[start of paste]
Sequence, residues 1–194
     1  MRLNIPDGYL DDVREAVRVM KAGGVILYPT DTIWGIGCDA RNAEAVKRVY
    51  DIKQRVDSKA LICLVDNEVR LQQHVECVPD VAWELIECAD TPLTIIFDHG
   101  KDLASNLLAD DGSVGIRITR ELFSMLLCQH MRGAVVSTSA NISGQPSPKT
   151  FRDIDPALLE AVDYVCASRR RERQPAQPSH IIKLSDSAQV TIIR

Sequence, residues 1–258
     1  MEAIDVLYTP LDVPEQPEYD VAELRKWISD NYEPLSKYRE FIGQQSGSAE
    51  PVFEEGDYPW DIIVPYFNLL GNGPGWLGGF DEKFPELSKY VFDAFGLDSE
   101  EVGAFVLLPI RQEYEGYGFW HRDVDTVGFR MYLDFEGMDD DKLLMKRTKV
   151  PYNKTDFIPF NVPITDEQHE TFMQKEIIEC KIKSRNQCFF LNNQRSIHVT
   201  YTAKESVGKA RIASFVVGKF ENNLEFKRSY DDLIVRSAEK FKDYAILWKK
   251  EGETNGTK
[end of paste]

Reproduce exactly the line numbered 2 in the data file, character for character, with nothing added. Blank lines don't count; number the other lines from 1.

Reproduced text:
     1  MRLNIPDGYL DDVREAVRVM KAGGVILYPT DTIWGIGCDA RNAEAVKRVY